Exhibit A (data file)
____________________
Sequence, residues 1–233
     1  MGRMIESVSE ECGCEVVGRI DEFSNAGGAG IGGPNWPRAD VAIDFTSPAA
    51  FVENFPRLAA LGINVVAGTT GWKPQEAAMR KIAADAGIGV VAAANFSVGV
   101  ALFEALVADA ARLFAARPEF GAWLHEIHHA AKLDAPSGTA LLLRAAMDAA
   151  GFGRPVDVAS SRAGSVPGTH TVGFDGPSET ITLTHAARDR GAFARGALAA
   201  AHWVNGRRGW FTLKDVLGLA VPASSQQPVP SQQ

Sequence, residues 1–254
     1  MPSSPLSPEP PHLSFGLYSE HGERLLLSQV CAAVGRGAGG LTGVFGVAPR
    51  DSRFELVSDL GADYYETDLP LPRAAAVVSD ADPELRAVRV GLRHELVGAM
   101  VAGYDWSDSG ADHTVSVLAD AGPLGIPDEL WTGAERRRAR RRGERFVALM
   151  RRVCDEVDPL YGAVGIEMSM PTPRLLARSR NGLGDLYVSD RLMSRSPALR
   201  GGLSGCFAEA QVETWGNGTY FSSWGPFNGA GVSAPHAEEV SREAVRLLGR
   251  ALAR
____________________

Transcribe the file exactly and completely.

Sequence, residues 1–233
     1  MGRMIESVSE ECGCEVVGRI DEFSNAGGAG IGGPNWPRAD VAIDFTSPAA
    51  FVENFPRLAA LGINVVAGTT GWKPQEAAMR KIAADAGIGV VAAANFSVGV
   101  ALFEALVADA ARLFAARPEF GAWLHEIHHA AKLDAPSGTA LLLRAAMDAA
   151  GFGRPVDVAS SRAGSVPGTH TVGFDGPSET ITLTHAARDR GAFARGALAA
   201  AHWVNGRRGW FTLKDVLGLA VPASSQQPVP SQQ

Sequence, residues 1–254
     1  MPSSPLSPEP PHLSFGLYSE HGERLLLSQV CAAVGRGAGG LTGVFGVAPR
    51  DSRFELVSDL GADYYETDLP LPRAAAVVSD ADPELRAVRV GLRHELVGAM
   101  VAGYDWSDSG ADHTVSVLAD AGPLGIPDEL WTGAERRRAR RRGERFVALM
   151  RRVCDEVDPL YGAVGIEMSM PTPRLLARSR NGLGDLYVSD RLMSRSPALR
   201  GGLSGCFAEA QVETWGNGTY FSSWGPFNGA GVSAPHAEEV SREAVRLLGR
   251  ALAR